Videos and photos showing huge crowds at LRT stations and on trains in Kuala Lumpur have gone viral on Twitter since early this morning, 25 May
Based on two short clips published today, many people can be seen failing to observe 1m physical distancing at the Masjid Jamek LRT station. A Twitter user complained that she was stranded from 6am to 8am at the station.
In the replies under a tweet by @AskRapidKL — Rapid KL's customer support page — many commuters said they were stuck at various train stations in the city centre and greater Kuala Lumpur for hours this morning.
One photo posted by Twitter user Indra shows that a train coach is packed with people standing shoulder to shoulder, while a separate photo by another netizen shows two long lines of commuters waiting at a train station.
Speaking to SAYS, Indra said he took the photo at 7.33am today at the Datuk Keramat LRT station.
He spent over an hour commuting from the Wangsa Maju LRT station to the Bangsar LRT station, a journey that normally takes 28 minutes.
The crowding issue in the trains and LRT stations come after the collision of two trains in the tunnel between the Kampung Baru and KLCC LRT stations last night, 24 May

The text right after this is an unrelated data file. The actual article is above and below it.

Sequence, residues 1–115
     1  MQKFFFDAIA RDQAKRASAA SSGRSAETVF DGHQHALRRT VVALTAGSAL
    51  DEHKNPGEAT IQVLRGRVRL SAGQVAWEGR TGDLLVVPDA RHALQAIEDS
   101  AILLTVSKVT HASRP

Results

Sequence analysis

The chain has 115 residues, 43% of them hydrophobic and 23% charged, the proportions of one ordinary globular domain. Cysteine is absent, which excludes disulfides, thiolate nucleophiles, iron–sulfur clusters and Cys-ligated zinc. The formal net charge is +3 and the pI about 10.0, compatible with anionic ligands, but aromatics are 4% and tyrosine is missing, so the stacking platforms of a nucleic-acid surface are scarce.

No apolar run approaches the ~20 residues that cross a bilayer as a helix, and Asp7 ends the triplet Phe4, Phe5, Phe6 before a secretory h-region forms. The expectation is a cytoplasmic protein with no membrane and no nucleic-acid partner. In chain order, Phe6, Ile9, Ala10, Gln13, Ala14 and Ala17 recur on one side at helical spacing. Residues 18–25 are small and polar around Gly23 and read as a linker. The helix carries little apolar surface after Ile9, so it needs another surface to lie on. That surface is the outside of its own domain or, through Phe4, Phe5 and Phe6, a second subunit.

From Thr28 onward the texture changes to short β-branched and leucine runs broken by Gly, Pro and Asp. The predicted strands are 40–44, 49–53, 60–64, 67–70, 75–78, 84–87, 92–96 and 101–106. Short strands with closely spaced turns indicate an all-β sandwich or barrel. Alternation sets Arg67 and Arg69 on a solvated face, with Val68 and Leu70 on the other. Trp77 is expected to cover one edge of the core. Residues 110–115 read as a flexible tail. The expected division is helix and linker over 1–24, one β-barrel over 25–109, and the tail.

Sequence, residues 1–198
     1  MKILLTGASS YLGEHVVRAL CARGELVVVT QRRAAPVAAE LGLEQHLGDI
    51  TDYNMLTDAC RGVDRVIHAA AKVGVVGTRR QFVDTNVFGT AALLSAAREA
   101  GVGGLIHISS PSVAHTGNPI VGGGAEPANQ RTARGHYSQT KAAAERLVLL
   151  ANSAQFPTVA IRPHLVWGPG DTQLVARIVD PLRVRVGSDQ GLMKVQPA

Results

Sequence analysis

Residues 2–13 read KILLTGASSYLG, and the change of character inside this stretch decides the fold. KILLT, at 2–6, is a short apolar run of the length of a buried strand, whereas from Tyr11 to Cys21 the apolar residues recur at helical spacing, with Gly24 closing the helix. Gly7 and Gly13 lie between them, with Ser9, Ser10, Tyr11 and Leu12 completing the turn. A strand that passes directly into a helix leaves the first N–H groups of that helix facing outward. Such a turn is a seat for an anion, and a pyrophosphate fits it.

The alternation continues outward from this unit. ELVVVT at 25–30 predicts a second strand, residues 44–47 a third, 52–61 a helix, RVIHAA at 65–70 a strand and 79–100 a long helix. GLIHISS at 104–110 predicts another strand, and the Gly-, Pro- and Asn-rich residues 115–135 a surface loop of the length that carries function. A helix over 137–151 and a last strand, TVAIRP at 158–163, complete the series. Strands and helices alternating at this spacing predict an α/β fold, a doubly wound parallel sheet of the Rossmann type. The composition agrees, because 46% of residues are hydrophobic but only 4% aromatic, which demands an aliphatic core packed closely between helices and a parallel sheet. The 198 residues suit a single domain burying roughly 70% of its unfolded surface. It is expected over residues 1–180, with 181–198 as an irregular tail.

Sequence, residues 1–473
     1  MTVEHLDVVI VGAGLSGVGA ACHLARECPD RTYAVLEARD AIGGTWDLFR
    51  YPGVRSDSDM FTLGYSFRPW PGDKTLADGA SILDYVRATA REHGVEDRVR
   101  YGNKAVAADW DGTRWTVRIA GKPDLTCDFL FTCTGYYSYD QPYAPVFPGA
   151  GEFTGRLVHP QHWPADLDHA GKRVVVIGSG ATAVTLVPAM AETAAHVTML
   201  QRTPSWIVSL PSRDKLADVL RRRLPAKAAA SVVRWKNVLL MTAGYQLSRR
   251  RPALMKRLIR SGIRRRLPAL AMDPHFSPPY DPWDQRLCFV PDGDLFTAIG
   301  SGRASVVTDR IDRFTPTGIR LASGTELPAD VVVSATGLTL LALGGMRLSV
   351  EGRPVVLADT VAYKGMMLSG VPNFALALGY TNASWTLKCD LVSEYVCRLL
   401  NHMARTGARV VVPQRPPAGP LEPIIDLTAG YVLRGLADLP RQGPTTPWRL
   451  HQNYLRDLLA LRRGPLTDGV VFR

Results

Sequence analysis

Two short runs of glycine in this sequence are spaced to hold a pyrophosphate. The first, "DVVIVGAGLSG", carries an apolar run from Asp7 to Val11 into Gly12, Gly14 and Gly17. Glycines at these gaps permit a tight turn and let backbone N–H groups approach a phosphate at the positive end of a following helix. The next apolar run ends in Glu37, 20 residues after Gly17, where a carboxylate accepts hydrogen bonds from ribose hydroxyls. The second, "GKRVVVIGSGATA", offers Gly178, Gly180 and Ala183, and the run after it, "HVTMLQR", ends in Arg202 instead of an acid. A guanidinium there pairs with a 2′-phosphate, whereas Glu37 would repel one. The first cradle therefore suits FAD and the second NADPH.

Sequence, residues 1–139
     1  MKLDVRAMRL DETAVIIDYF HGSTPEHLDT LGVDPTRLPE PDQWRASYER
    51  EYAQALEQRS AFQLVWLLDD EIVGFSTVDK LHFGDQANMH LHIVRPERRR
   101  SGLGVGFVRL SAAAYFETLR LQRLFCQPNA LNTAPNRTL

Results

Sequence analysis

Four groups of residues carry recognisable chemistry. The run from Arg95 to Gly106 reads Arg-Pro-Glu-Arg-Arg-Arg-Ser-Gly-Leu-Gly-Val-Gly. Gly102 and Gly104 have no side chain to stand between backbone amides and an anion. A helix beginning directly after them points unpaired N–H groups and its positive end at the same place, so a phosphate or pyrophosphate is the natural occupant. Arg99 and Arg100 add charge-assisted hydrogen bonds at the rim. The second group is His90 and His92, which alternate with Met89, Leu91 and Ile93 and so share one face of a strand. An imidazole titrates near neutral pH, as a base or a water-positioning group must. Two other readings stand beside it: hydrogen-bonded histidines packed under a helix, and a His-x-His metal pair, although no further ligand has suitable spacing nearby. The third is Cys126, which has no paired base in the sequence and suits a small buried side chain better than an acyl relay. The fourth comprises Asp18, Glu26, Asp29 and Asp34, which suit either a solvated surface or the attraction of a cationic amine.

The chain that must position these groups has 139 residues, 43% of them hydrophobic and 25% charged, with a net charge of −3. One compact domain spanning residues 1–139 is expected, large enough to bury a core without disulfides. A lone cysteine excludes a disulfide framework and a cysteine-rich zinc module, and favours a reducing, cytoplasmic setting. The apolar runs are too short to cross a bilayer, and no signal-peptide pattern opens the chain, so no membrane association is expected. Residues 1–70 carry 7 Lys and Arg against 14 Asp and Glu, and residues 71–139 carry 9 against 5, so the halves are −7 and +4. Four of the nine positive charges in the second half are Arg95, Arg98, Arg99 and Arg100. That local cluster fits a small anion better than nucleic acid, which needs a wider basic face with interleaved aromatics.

The accident caused Southbound Platform 2 between the Pasar Seni LRT station and the Damai LRT station to be closed for repair.
Prasarana Malaysia said this morning that the Kelana Jaya LRT line is still operational and announced its new schedule.
The train frequency on the line during peak hours is usually one train every three minutes. However, after the accident last night, it had been reduced to one train every 10 minutes.
This is on top of the 50% capacity reduction, which is in line with the government's announcement on stricter measures in the implementation of the Movement Control Order (MCO), reported Bernama.
However, based on the viral photos on Twitter, many netizens said that neither commuters or Rapid KL complied with the standard operating procedures (SOPs), sparking concerns about the possibility of new COVID-19 clusters at train stations.
"So much for social distancing," a netizen replied to the tweet along with a six-second long video that shows a train coach filled commuters who failed to observe 1m physical distancing
Meanwhile, some netizens criticised the government for allowing the private sector to operate with 60% employee capacity at offices, while also not conducting checks to ensure SOP compliance.
"Who will understand 60 WFH:40 office? Some companies even have 100% of their employees at offices. Those who want to complain are afraid that their bosses would scold them. Are we waiting for [the International Trade and Industry Ministry] to conduct spot checks at offices?" one person said.
Another added, "Government sector can monitor 80% WFH. If it's the private sector, he says 40% WFH. But is there anyone to monitor? Some companies still work as usual, while public transport has cut their frequency and (reduced their) capacity to 50%. People will be crowded at the stations and arrive late to their office."